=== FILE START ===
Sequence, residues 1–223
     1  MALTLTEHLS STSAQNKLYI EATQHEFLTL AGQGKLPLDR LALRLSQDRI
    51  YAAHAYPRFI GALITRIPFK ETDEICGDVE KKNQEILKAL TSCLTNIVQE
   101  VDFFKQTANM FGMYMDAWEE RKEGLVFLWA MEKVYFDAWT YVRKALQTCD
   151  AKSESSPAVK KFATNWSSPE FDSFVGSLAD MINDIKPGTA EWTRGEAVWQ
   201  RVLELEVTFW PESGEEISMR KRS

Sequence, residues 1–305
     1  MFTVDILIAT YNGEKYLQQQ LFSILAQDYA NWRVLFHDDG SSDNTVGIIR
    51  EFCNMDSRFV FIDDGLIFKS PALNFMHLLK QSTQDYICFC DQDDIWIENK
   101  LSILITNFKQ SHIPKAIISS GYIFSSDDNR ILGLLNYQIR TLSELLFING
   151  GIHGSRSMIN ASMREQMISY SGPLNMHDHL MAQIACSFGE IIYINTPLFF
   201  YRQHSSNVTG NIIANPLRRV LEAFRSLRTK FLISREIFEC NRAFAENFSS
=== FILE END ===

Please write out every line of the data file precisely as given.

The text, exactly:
Sequence, residues 1–223
     1  MALTLTEHLS STSAQNKLYI EATQHEFLTL AGQGKLPLDR LALRLSQDRI
    51  YAAHAYPRFI GALITRIPFK ETDEICGDVE KKNQEILKAL TSCLTNIVQE
   101  VDFFKQTANM FGMYMDAWEE RKEGLVFLWA MEKVYFDAWT YVRKALQTCD
   151  AKSESSPAVK KFATNWSSPE FDSFVGSLAD MINDIKPGTA EWTRGEAVWQ
   201  RVLELEVTFW PESGEEISMR KRS

Sequence, residues 1–305
     1  MFTVDILIAT YNGEKYLQQQ LFSILAQDYA NWRVLFHDDG SSDNTVGIIR
    51  EFCNMDSRFV FIDDGLIFKS PALNFMHLLK QSTQDYICFC DQDDIWIENK
   101  LSILITNFKQ SHIPKAIISS GYIFSSDDNR ILGLLNYQIR TLSELLFING
   151  GIHGSRSMIN ASMREQMISY SGPLNMHDHL MAQIACSFGE IIYINTPLFF
   201  YRQHSSNVTG NIIANPLRRV LEAFRSLRTK FLISREIFEC NRAFAENFSS